During my entire career, the LPD recruit academy has been based on an academic model, rather than a military one. Sgt. Lancaster, who ran the short academy when I was a newbie, was a friendly, avuncular fellow that set a nice tone. When I was running the academy in the early 1980's, I tried to avoid the drill instructor style you see in the movies and on TV. My current role is only a couple of days, but along with other instructors, I try to follow the principles of adult learning.

It's not this way everywhere. David Couper, who served as the Madison, Wisconson chief for twenty years, reminisced in his 2011 book, Arrested Development: A Veteran Police Chief Sounds Off About Protest, Racism, Corruption and the Seven Steps Necessary to Improve Our Nation’s Police, about the paradigm that was common in police academies, and still persists in some places:
"When I was introduced to the academy class that was already in training before I was appointed, the class stood at attention when I entered the room. In fact, I found that not only did they stand at attention when I entered, but that they did so for every supervisor who came into their class. A coercive, top-down leadership model had no place within a police department that was seeking highly educated people to come and join it. Some of the people we were trying to attract into a police career were currently in business, law, social work, or teaching. And most of them wouldn’t choose to remain in a police department that ran like an 18th century British warship."
Jack Lancaster set a good tone for me in 1974. I hope I'm doing likewise for trainees today. Its great to see these folks beginning their career, and the impression we make at the outset is an important one throughout their careers.

Tuesday, June 23, 2015

Strat plan at hand

We're at the Municipal Services Center out by the airport this morning, with labor and management from Lincoln Fire & Rescue participating in a half-day strategic planning session.  This one is professionally facilitated by John Beranek.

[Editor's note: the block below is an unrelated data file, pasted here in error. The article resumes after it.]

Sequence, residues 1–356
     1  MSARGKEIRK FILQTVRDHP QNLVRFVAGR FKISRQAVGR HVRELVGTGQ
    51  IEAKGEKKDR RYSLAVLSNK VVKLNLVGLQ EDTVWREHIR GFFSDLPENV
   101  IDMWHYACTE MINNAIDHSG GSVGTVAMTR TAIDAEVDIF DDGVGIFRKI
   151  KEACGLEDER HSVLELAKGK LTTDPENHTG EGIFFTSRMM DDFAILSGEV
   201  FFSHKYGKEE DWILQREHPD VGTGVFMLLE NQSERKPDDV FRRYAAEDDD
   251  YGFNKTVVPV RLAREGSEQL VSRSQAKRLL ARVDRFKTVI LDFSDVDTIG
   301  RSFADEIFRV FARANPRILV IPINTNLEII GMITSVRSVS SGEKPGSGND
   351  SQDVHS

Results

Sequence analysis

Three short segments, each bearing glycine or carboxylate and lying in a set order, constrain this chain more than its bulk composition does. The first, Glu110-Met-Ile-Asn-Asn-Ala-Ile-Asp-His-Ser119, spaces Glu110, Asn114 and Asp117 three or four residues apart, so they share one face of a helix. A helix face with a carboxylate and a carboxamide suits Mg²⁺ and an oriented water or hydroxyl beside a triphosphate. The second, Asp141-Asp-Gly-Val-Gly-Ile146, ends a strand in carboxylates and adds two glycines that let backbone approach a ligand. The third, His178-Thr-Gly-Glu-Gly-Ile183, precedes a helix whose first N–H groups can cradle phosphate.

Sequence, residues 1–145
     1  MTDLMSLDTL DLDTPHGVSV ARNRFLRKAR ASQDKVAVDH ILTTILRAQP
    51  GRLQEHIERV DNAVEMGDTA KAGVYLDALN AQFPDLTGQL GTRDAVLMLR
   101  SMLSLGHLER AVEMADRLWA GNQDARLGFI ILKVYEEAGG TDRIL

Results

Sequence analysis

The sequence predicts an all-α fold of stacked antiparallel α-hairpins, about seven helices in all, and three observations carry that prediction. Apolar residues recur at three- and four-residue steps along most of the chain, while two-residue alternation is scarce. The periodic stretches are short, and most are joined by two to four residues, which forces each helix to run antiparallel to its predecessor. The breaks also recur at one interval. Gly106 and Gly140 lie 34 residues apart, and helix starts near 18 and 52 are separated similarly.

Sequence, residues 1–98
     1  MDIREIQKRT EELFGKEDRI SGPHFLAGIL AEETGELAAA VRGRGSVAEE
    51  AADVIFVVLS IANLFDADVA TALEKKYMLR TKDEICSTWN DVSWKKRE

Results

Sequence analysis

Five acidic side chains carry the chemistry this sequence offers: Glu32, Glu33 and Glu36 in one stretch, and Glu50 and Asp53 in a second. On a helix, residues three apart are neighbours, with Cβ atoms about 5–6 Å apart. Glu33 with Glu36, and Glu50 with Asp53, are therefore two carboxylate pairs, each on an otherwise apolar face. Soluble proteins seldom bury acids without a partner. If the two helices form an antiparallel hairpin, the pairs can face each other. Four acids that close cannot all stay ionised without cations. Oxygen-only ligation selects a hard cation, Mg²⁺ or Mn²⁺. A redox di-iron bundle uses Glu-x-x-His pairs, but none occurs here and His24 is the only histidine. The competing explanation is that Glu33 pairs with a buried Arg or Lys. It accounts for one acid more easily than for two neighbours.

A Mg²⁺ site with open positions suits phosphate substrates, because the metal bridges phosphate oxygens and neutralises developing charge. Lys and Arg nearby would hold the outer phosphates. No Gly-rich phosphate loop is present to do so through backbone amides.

A good discussion is taking place on how we can do a better job collaborating to move the organization along towards our key goals. I wish there were ways, in this day and age, to step back from our daily work more often, and take a deeper dive into the bigger issues.

I don't think I'm alone: the issue just came up from across the room!

Thursday, June 18, 2015

Hour of bliss

I was just checking CrimeView Dashboard this morning, when I noticed the widget for calls for service at LPD yesterday. Check this out: between 0400 and 0459, there was not a single dispatched incident. Can't ever recall that before, an entire hour with no police calls for service.

Wednesday, June 10, 2015

The latest gun

It has been quite a while since I have blogged about what is arguably Lincoln's most famous burglary, the 2007 break-in a Scheel's All Sports. Monday, the Bureau of Alcohol, Tobacco, and Firearms sent a telecommunications message to the Lincoln Police Department advising us that a Smith & Wesson 9mm pistol stolen from Scheel's was recovered in Mexico, where the gun had been involved in a crime.

The message didn't contain much in the way of specifics, but we've requested more reports, and might get some more details when and if those arrive. Three years have passed since the last gun was recovered in Petaluma, California. Of the 79 guns originally stolen, 51 have been recovered, and 28 are still out there. More will trickle in as time goes by, as they have over the past seven years.